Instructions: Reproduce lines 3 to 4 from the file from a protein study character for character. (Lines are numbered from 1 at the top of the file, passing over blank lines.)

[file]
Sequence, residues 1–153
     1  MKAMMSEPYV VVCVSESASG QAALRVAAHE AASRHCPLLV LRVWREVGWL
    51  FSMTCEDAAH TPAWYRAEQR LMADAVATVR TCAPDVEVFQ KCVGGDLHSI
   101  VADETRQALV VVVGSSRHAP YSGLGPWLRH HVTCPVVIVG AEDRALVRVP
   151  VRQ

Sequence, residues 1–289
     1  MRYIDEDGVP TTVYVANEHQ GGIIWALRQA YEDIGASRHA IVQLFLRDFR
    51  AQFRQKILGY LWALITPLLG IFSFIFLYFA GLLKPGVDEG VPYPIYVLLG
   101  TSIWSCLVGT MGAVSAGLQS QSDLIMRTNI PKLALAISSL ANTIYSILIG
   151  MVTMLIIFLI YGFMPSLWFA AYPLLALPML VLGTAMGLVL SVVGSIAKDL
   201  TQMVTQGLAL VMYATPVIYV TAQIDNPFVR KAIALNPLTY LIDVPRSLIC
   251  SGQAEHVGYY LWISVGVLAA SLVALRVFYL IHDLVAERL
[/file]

    51  FSMTCEDAAH TPAWYRAEQR LMADAVATVR TCAPDVEVFQ KCVGGDLHSI
   101  VADETRQALV VVVGSSRHAP YSGLGPWLRH HVTCPVVIVG AEDRALVRVP